I'm told that if a customer can't flash their BIOS, many mobo vendors will mail out the BIOS chip to them (if it's not soldered down, obviously)."

Index The Motherboard Test Suite


View All Comments

  • yacoub - Wednesday, July 06, 2005 - link

    #33 - Wesley, that's awesome news. Can you post that somewhere more important so buyers know to be on the lookout for it? =) Reply
  • kyparrish - Wednesday, July 06, 2005 - link

    Good article!

    I'm seriously considering dumping my DFI S754/NC 3200+ setup for that Epox board and a cheap S939 A64 :)
  • Wesley Fink - Wednesday, July 06, 2005 - link

    #29 and #31 - UPDATE: I have talked with contacts in the Memory Industry and Samsung TCCD is now available again from Samsung. TCCD disappeared for a few months but production didn't really stop. TCC5 is DDR466 and TCCD is DDR500, but both chips come off the same line and are binned for speed grade. Samsung stopped binning for DDR500 grade until recently - and left this job to the memory makers.

    Recently Samsung has told memory makers they are binning once again for DDR500/TCCD and the TCCD chips are available again. It will take a few weeks for the pipelines to fill but TCCD is not dead. Some companies are staying with TCC5 at a lower cost and binning for the top performance unless the yields start to go down.
  • Wesley Fink - Wednesday, July 06, 2005 - link

    #24 - The base nForce4 is sometimes called the nForce4 X4 and runs at 800 HTT, while the Ultra and SLI run at 1000HT. When 1000HT was first introduced we found no real difference in performance at 800HT and 1000HT. What the 1000HT did provide was quite a bit more overclocking headroom. A reader may have an example of where 1000HT outperforms 800HT but the real world difference is negligible.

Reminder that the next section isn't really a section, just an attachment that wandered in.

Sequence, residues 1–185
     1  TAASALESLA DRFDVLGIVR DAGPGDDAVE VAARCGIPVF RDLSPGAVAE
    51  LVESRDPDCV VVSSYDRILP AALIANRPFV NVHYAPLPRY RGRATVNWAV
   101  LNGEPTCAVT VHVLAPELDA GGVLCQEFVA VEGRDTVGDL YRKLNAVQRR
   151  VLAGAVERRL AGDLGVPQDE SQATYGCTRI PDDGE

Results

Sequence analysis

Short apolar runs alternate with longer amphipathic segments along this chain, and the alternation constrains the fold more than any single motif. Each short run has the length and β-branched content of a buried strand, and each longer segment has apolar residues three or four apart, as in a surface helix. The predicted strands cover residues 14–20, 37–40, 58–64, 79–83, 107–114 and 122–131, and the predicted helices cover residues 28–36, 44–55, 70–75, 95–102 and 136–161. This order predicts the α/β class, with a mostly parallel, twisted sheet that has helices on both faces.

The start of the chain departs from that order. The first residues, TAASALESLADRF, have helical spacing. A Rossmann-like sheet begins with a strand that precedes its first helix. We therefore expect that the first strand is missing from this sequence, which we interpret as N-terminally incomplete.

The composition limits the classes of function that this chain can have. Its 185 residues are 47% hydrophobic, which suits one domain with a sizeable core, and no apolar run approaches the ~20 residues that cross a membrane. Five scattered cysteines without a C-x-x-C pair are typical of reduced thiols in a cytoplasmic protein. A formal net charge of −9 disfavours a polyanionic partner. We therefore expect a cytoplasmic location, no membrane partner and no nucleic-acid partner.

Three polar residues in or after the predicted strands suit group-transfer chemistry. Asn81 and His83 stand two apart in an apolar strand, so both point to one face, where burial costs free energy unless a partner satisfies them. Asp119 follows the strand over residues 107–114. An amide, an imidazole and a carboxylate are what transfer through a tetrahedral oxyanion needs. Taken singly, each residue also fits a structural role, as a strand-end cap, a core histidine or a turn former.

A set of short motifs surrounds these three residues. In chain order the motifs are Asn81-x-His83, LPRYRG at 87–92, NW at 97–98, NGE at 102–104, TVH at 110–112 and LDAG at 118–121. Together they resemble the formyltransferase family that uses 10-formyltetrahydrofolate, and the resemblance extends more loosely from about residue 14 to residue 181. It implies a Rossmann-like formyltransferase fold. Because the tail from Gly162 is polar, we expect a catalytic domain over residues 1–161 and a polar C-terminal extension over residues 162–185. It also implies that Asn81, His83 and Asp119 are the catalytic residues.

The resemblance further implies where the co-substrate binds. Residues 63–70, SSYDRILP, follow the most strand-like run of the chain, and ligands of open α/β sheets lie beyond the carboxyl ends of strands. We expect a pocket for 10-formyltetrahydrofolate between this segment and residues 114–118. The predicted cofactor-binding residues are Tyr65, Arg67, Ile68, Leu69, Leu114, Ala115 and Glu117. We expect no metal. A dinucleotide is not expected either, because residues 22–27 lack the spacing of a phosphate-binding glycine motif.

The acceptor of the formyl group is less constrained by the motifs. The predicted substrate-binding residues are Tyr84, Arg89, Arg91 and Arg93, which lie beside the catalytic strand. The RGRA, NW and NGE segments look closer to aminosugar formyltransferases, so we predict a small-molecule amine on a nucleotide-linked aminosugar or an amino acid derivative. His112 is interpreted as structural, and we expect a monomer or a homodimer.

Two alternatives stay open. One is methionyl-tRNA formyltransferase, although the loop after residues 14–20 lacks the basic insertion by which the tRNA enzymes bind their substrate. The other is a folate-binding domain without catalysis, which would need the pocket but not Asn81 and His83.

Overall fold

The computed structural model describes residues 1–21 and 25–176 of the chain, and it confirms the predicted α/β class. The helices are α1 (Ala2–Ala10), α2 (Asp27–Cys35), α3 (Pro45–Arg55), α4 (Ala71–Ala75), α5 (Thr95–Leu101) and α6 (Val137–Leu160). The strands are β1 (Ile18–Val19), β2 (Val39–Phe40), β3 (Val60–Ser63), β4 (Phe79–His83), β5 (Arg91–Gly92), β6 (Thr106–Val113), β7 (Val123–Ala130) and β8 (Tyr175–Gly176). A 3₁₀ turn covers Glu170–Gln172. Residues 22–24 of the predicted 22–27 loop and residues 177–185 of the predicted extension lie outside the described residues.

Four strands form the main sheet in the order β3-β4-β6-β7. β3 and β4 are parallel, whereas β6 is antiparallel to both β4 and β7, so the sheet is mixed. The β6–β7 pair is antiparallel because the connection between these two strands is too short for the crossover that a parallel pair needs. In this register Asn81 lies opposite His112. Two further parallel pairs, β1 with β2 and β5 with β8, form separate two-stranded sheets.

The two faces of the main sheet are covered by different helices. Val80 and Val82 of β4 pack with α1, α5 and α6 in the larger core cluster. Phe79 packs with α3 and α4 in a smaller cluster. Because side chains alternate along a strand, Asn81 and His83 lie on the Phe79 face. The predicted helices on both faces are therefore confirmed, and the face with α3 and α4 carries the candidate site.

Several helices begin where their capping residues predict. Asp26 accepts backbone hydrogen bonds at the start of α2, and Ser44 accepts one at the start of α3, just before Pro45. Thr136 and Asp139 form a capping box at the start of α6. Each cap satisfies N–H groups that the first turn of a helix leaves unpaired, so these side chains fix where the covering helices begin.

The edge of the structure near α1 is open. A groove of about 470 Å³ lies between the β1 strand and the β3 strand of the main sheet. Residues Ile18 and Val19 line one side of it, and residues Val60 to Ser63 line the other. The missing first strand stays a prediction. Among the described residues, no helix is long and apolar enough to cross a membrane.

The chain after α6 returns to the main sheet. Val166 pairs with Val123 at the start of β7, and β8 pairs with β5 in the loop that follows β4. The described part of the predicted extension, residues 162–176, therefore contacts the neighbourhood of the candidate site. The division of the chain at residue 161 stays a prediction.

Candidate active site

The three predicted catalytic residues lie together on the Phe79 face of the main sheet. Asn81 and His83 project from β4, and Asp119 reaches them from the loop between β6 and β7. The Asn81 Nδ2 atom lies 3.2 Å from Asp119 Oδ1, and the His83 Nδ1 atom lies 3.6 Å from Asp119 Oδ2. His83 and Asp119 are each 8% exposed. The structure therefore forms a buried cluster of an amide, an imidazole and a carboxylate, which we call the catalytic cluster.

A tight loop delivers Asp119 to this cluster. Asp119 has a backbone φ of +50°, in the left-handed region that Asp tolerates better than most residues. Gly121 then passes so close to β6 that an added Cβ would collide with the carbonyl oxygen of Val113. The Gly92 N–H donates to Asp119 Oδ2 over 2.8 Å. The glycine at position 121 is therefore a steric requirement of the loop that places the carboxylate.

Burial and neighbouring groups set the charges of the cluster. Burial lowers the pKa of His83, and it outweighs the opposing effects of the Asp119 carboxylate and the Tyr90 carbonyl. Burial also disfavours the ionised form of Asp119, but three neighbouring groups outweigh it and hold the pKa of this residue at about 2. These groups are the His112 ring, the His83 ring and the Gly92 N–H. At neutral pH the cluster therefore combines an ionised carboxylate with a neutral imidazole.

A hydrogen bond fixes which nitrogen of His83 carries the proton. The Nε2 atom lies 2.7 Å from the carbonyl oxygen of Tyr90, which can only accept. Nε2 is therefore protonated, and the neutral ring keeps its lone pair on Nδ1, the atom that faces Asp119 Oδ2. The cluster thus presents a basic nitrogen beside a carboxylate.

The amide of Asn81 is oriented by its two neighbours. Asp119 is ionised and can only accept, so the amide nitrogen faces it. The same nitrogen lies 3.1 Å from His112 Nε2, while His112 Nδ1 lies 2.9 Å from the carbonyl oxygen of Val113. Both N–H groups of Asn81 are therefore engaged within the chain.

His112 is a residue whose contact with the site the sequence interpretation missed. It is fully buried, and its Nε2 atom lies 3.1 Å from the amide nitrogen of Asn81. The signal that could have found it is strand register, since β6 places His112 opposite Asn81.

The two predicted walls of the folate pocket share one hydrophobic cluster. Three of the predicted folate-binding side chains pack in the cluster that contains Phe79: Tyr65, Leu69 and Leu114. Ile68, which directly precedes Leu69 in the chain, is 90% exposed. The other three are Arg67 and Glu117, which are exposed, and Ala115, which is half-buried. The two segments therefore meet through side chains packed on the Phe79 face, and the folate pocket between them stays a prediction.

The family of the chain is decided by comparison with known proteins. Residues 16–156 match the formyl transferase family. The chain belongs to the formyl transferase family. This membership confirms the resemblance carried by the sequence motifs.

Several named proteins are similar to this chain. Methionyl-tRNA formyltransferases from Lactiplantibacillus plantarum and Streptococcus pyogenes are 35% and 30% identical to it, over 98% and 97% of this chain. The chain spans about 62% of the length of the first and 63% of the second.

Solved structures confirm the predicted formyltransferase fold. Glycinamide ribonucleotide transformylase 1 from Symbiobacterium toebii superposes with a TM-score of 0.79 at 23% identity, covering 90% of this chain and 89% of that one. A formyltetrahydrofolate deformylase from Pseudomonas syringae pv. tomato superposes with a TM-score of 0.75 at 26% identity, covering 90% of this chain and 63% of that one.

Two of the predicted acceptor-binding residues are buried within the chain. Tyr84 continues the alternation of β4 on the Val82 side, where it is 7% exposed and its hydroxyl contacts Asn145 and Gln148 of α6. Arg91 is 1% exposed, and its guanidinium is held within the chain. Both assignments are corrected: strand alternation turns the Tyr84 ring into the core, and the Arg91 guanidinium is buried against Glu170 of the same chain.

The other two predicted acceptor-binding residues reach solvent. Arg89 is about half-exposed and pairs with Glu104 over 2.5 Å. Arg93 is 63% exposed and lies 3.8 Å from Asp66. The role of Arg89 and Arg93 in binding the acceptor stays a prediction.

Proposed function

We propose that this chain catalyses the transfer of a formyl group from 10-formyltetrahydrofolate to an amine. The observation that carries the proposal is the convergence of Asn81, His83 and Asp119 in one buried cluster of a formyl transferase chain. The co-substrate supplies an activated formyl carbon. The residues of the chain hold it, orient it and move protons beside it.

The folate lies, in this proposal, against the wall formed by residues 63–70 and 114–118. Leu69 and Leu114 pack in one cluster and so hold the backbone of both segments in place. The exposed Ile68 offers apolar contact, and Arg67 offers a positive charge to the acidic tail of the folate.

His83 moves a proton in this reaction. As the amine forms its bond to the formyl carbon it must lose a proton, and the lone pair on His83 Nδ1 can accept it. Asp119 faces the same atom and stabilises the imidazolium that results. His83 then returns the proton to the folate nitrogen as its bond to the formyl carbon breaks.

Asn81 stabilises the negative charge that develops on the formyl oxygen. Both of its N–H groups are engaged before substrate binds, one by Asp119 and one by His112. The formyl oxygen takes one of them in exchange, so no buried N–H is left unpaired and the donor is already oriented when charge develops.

#28 - There are now more than 60 BIOS releases for the DFI nF4, many customized for particular memory types. Only 3 have been posted to their website. For the latest DFI nF4 BIOS a good place to check is or the BIOS Files Forum at There is now a 7/04 BIOS that is reported to be more stable in upper memory ratios (433,466,500) with Rev. E chips.

    #29 - You are overstating the TCCD situation. Corsair still sells TCCD, as do several other memory vendors. There is no doubt TCCD is drying up everywhere but Corsair, and that will continue. New TCC5 dimms that are said to perform like TCCD are in process in at least one memory company. We have requested these new TCC5-based dimms and will share our findings as soon as we receive the memory. There are also some new BH5 dimms that we thought were gone forever. We have even seen the new BH5 binned and advertised as DDR500 2-2-2 at higher voltages around 3.3V.
  • yacoub - Wednesday, July 06, 2005 - link

    Well, while this review -has- convinced me to go with the DFI board over the Chaintech, that is purely due to the audio CPU usage issues of the onboard vs daughterboard. I'm shocked at how much difference that makes.

    That said, most of the memory testing (and thus most of the review) was meaningless to me (and everyone else who doesn't have access to TCCD memory anymore). =/
  • Wesley Fink - Wednesday, July 06, 2005 - link

    #17 - Thanks for pointing out the errors. They have been corrected. Do you want a job proof reading :-)

  • yacoub - Wednesday, July 06, 2005 - link

    Regarding the tRAS recommendation:

    Can we petition Anandtech to stop using memory that the consumer can't get anymore? (Namely TCCD-based Plat Rev2.) Go pick up some TCC5 and do your tests with what the consumer is actually going to be receiving so your tests actually mean something.
  • mongoosesRawesome - Wednesday, July 06, 2005 - link

    What BIOS version did you use with the DFI? It reads: "Award 7/01/2005 Release" in your list of features for the DFI, but I could not find that BIOS release on their website. Reply
  • AsiLuc - Wednesday, July 06, 2005 - link

    Sorry I meant: GA-K8NF9
  • AsiLuc - Wednesday, July 06, 2005 - link

    I'd liked to see the Gigabyte GA-K8NP9 reviewed, because it has passive southbridge cooling (silence :) ) and is cheap. Reply